Then, on January 10, everyone who had heard Blackstar saw the new album in a new light, when it was announced that David Bowie had died of liver cancer. Our joy at Bowie’s triumph turned to shock — and then wonder as we considered the album’s exploration of mortality in a new context.
As news of Bowie’s death reverberated, we now saw Blackstar for what it really was: his farewell gift. We listened to every song again and re-watched the videos, which took on a new poignance when the stories about Blackstar emerged — such as Bowie, deciding to end his cancer treatment and accept death even as he was filming the “Lazarus” video. His producer, Tony Visconti, talked openly about Bowie’s commitment to creating art even as Bowie was battling cancer. On Facebook, Visconti wrote of Bowie’s death:
He always did what he wanted to do. And he wanted to do it his way and he wanted to do it the best way. His death was not different from his life — a work of Art. He made Blackstar for us, his parting gift.
The richness of that gift manifested itself again and again when I listened to the album with the knowledge of his passing. “Lazarus” sounded like a more personal reckoning with death from a man who knew what was coming, down to the images of Bowie in a hospital bed, and the enigmatic line, “Just like that bluebird, Oh I’ll be free.” Even the album artwork was a parting gift as fascinating and strange Bowie himself, thanks to designer Jonathan Barnbrook. It took time for fans to realize this, but if you removed the album from the sleeve, the black paper behind the cut-out revealed a hidden picture of a starfield when the foldout sleeve was held up to a light source.
Blackstar becomes more meaningful as its listeners experience the album year after year amid the passage of time. It doesn’t matter if you’re 24, 44, or 74: aging and dying are inevitabilities. But David Bowie taught us that it’s possible to face aging and dying with vibrancy, dignity, and grace.
As NPR’s music critic Ann Powers said later in 2016, “There’s no doubt that Bowie was aware of how very, very sick he was. But he also kept the dire nature of his illness from his collaborators and insisted that he would be able to continue on. So, does it feel like a dying man’s gasp? No, it doesn’t — it feels so eloquent, yet it offers this view into that experience that is useful to all of us, even as it’s so sad to listen to.”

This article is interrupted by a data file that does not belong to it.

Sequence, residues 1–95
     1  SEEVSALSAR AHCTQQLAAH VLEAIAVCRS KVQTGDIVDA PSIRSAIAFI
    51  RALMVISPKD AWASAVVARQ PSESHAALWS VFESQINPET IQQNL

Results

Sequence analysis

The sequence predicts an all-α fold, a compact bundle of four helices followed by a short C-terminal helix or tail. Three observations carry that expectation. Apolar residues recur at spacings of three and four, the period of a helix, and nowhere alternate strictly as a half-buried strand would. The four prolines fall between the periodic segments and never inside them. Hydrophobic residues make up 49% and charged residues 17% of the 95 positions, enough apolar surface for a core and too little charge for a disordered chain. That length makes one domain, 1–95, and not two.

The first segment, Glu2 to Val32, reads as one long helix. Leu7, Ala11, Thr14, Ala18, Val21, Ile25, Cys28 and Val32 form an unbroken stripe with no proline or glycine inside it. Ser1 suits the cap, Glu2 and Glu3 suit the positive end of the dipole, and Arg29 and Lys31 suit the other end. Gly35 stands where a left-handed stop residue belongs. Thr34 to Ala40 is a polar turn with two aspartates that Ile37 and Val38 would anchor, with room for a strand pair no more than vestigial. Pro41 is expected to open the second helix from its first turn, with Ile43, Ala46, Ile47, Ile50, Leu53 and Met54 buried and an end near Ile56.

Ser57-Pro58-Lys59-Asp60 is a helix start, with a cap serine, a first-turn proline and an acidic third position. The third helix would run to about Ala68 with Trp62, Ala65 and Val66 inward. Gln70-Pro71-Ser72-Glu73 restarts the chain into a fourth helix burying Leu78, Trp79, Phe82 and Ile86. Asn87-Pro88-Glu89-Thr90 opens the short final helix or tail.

Blackstar was more than a gift. David Bowie challenged us to consider the gifts we’ll leave for the world.
Kanye West has made a career of throwing people off balance, just as he is doing now with his embrace of Christianity. And when Kanye embraces something, he goes all the way. In October, he released a set of Christian praise songs, Jesus Is King. The next month, he appeared at the mega-church of celebrity pastor Joel Osteen. Oh, and on Christmas Day, he released Jesus Is Born, an album version of his Sunday Service worship events.
Is he for real? How could a hip-hop artist who has seemingly rapped about every sexual act imaginable now release Christian music? Is the Sunday Service a sincere attempt to spread God’s word, or is Kanye just hustling us to sell more music and $240 crewnecks? What’s up with West appearing at Joel Osteen’s church, discussing his love for Jesus, and then announcing that he’s the greatest artist God has ever created?
As journalist Tobi Oredein wrote of Kanye’s Sunday Service, “He’s employing a choir of people who are not only singing his songs, but are all dressed in his apparel. Is Christ really at the centre of this gathering? I’m not sure he is.”
He’s not the first artist to explore the spiritual and earthly realms in his music. Let’s go back to 1974 to take a closer look at another man who confounded his audience by injecting faith into his music.
Al Green: Sex and the Lord’s Prayer
Al Green. One of the greatest soul singers ever. He sang “Love and Happiness,” “So Tired of Being Alone,” “Let’s Stay Together,” and a host of other hits about love, sex, and romance, on his way to becoming named one of RollingStone’s “100 Greatest Artists of All Time.”